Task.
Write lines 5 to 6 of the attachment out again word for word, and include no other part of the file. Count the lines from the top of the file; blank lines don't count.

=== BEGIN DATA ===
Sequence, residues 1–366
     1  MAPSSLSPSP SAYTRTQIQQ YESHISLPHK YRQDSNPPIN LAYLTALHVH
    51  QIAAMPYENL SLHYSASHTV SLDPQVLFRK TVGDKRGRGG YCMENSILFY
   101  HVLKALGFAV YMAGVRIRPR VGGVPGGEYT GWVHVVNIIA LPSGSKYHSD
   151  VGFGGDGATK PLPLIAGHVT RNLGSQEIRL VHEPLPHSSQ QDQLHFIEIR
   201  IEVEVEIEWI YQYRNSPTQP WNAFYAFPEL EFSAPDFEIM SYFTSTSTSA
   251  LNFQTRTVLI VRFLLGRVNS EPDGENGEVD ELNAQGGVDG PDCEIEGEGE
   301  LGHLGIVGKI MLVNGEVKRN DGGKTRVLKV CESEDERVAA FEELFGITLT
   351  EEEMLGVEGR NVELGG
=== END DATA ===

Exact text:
   151  VGFGGDGATK PLPLIAGHVT RNLGSQEIRL VHEPLPHSSQ QDQLHFIEIR
   201  IEVEVEIEWI YQYRNSPTQP WNAFYAFPEL EFSAPDFEIM SYFTSTSTSA